2. Yes … but we all have different thresholds. Mine might be much lower than others … would you risk losing me as a reader/customer? If there are less offensive ways to generate revenue, ways that might expand your user base, and might thus generate more total revenue, would you switch your strategy? Or would you sit by and watch as your traffic volume declines?

3. No … I love pecan pie, but if you blindfolded me and told me you were going to place a piece of steak in my mouth, and instead placed a piece of pecan pie, I’d be confused and disappointed. My taste buds expected steak, and I trusted you. How could you abuse my trust? We’re friends … at least I thought so. If I can’t trust you about issues of steak and pie, can I trust you with my personal information?

4. Little ads, you bet. Interstitial ads, no. Yes, I know you need to make a living, and I also know that content isn’t ‘free’, so I’m willing to play along. Mix a few of your ads in with the organic content I’m seeking (labeling them appropriately of course), and the trade is ‘fair’. Hijack me, taking me to a page that I didn’t ask for, and I’ll leave for greener pastures … unless you have a monopoly on your fine content.

In summary, interstitial ads, as used by Monster, are a form of ‘bait and switch’ … I came for the jobs, and instead get pitched a loan consolidation ad that requests my SSN. So I’m going down the virtual street to a vendor that treats me with respect.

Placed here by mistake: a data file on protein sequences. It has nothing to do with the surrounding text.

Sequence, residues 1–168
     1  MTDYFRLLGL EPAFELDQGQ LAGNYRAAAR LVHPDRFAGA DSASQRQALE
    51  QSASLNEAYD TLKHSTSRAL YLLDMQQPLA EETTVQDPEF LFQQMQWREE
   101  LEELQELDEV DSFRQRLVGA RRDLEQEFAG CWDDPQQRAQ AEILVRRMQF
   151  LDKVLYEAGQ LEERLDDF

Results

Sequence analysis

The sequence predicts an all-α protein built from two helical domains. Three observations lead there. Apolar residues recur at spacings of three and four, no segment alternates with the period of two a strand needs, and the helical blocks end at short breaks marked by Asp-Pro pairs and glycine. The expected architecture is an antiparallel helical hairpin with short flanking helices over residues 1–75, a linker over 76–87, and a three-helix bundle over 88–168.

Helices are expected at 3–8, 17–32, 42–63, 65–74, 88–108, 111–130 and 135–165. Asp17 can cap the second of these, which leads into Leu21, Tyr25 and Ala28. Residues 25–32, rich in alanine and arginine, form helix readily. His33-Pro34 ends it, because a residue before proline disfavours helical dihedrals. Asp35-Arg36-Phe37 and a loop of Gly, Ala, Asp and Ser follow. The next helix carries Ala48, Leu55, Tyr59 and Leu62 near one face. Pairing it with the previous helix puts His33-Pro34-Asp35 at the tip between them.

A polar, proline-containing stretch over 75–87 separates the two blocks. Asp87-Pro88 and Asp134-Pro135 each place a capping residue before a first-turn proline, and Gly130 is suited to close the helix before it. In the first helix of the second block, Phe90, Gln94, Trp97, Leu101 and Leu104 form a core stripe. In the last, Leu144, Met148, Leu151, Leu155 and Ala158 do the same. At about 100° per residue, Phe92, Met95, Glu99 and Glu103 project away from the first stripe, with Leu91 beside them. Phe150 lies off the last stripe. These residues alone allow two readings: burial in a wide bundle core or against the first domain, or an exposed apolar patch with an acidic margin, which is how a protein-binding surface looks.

Ami, great questions! You’re the best!

Amitai Givertz

OK, OK, I concede your every point. You are right. Those interstitial ads are a pain. I hate them too now.


Monster does have a property in its portfolio that is interstitial-free. It's called Job seekers can view ads that would normally be seen on the Monster Board, but without all the interstitials.

And if you're an employer, you can actually post ads on for only $25 (30 day posting) and they get to upload their company logo at no extra cost. I should specify that these low cost ads would only be seen on (not But, there is still very good traffic to the site, so an employer may be a decent return on their investment.

Bob Wilson

Hi Sam, thanks for adding the comment.

I've tried and find the search interface to be very clunky. Indeed, Jobster and SimplyHired all have far more content and more sophisticated search interfaces.

And I don't know about the traffic being very good ... I think it's about 1/10th that of Indeed.

If I was paying $25 to post an ad, I'd post to JobCentral ... they have distribution partnerships with over 1,000 other sites, including the big verticals, and they have a great search interface.

Amitai Givertz

Bob, interesting response to Sam. My question is: What is the rationale behind

Bob Wilson

Amitai, Monster paid $800k for the url in 2002. At the time, the url was drawing 400,000 monthly visitors, even though the site contained only a message saying its owner was reorganizing. So Monster was buying traffic plus the opportunity to upsell users to Monster's higher priced services.

Traffic to has been on a steady decline over the past three years according to Alexa data.

Amitai Givertz

Thanks, Bob. Got it. Like Jobster and, right?